The Best Electronic Predator Calls to Capture Coyotes

Video best predator call for coyotes

A coyote call is a vital tool for hunting these and other predators. Having the right gear is critical to the success of any hunt, whether it’s a coyote hunt or some other animal. Predator hunting, however, can be a little different since most predator animals are omnivores and often nocturnal. What does it take to be successful in hunting predators?

Best Predator Calls

The Expert:

What is a Predator

First, let’s look at what is considered a predator. There are a variety of animals considered predators in the United States. Merriam-Webster defines a predator as “an organism that primarily obtains food by killing and consuming other organisms.” With this definition comes the inference that feral hogs are included by the fact that they are opportunistic omnivores.

With their voracious appetites, feral hogs are classified as nuisance predators because of the extensive damage they cause to farmland, crops, and ground nesting animals. In fact, the three most sought-after predators are coyotes, bobcats, and feral hogs. All three of these can be hunted at any time, but more success is often found during late afternoons, dark of night, and early mornings. Having a coyote call in your hunting tool arsenal will increase your chances of success.

Know Before You Go

Understanding the life cycle, habitat, food sources, as well as what prey animals are available in the area you will be pursuing predators, will aid in a successful hunt. With this intel, a hunter will know which call sounds will work the best. For instance, distressed prey or young pup sounds will work best when hunting coyotes near a rearing den, which is the type of sound you’ll want coming from a coyote call. If you’re hunting feral hogs near a bait pile, feeding sounds and social calls can entice sounders (read: a herd of wild pigs) to come into the bait.

See also  Best Deer Attractants [#1 Is A Must-Have]

What to Consider in an Electronic Predator Call

There are two types of calls for predator hunting: mouth calls, also called manual calls, and electronic calls, also referred to as e-calls. E-calls are very useful and far superior to mouth calls because the sounds are often actual recorded sounds of live animals. With e-calls, you can set the unit at a distance from you, which helps to deter a predator from pinpointing your location.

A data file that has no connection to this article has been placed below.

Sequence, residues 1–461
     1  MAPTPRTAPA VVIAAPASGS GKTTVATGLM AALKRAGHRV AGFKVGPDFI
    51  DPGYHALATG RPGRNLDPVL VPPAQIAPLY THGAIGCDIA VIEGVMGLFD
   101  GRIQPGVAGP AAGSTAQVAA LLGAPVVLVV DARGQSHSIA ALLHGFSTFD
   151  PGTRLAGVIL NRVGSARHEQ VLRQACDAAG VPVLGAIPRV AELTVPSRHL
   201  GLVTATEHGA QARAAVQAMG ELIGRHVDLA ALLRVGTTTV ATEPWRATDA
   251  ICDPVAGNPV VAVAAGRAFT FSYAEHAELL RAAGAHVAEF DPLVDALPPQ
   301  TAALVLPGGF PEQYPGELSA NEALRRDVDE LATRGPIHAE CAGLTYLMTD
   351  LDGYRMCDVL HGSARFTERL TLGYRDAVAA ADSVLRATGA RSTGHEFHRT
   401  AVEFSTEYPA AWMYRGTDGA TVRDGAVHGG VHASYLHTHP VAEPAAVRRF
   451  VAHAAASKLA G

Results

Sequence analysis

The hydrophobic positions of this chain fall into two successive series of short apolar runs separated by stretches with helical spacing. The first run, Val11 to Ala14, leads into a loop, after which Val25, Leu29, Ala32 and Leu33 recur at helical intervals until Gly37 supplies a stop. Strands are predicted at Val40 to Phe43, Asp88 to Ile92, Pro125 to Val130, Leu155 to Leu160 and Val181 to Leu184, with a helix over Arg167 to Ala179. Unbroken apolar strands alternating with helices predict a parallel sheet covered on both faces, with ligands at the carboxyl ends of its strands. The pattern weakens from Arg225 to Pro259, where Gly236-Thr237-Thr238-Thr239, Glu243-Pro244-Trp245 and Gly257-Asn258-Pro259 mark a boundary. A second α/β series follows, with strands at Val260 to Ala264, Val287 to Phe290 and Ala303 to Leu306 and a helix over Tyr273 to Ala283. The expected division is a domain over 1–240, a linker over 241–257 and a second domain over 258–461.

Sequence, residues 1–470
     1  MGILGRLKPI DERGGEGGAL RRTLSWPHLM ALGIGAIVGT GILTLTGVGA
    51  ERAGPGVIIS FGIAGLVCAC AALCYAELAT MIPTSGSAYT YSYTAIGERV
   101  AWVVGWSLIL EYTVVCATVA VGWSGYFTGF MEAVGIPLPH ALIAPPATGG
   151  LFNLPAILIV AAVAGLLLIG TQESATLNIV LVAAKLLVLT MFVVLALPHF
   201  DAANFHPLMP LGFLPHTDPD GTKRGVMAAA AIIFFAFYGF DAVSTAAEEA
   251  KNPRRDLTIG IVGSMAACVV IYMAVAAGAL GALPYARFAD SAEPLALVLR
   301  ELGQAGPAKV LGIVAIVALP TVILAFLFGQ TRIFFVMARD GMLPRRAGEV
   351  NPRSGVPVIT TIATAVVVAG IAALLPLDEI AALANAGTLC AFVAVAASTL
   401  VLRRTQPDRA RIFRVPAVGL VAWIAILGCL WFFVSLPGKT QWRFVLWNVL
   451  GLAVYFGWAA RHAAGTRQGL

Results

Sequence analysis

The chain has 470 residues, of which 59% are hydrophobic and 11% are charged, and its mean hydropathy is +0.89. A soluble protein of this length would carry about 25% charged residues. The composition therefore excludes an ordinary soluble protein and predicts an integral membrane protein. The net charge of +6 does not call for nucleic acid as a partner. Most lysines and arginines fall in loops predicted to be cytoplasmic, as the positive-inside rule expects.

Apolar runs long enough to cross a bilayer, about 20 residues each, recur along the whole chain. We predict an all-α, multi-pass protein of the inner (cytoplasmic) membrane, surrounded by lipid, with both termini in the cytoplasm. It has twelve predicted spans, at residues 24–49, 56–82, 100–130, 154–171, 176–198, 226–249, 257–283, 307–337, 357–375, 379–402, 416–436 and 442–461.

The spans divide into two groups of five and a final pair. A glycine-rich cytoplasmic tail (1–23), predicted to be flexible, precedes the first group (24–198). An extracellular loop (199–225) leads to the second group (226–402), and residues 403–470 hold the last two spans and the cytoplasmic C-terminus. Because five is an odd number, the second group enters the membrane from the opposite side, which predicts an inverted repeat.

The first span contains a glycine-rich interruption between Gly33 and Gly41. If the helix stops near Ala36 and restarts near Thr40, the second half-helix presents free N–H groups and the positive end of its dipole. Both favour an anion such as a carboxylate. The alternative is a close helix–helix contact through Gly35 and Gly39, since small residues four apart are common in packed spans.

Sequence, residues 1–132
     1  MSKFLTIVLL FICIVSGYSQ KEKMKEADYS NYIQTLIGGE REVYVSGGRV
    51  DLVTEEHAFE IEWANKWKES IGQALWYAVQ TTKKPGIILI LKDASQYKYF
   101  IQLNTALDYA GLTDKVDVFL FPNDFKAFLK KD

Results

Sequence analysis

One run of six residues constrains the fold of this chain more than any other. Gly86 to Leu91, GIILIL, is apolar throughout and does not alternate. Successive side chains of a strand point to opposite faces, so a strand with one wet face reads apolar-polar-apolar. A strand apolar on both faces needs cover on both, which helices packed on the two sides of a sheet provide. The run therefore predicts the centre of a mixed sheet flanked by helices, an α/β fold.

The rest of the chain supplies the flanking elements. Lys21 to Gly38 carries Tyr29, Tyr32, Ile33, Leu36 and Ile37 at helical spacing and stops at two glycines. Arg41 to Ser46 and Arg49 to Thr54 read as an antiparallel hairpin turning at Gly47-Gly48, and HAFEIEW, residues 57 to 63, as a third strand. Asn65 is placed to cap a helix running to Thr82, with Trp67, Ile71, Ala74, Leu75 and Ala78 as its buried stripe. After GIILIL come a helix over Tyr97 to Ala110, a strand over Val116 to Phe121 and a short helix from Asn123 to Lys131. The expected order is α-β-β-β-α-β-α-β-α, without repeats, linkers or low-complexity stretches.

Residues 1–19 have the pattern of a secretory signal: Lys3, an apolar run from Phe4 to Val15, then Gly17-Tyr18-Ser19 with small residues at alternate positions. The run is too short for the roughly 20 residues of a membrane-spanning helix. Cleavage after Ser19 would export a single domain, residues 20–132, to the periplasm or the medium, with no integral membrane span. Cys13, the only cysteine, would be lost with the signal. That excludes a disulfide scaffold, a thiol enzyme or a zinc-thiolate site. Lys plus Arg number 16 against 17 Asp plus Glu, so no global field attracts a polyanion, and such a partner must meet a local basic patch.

E-calls also leave your hands free and will minimize movement. The only drawback is that some e-calls are large and cannot be stashed in a backpack to carry into the field. However, e-calls come in a variety of shapes and sizes and offer a diversity of sounds. Many e-calls are designed for hunting a variety of predators, while others are more specific to one or two species.

Sound Library

E-calls use stored pre-loaded sound libraries, and some offer the ability to add to the sound library by purchasing sound packs or individual sounds that can be uploaded to the device’s library. The sounds are stored onboard or in a sound library on a Bluetooth device such as a smartphone.

Control and Range

All the devices reviewed have an on/off switch to engage power. Playback of sounds on devices while hunting is controlled either by remote control or with an app on a Bluetooth device. Most e-callers offer at least a 100-yard range, with others offering up to 300-yards or more. It is key to know whether that is line-of-sight (LOS) yardage. With LOS yardage, you must keep in mind the maximum range as well as having an unobstructed view to the call when placing your call. The ability to mute or play two sounds at once is a valuable feature.

See also  Ruger Mark IV 22/45 Review: Sheer Fun [Tested]

Speaker System

The sound quality and clarity of the speaker system are critical in enticing the intended target. The sounds emitted must be crisp and clear at a variety of levels. Having a vast range in volume is useful in a variety of different scenarios and terrain types.

How I Evaluated Electronic Predator Calls

I based my recommendations on my experience in the field with several of these calls and the guidance and advice of successful predator hunters. I considered the essential features when deciding on a top selection of electronic calls. I compared minimalist units to hunt only one or two species and units with all the bells and whistles with an expandable sound library for multi-game pursuit. I compared specifications, features, and reviews on each unit, and the following electronic calls were the ones that rated well. This selection includes a variety for every budget and use.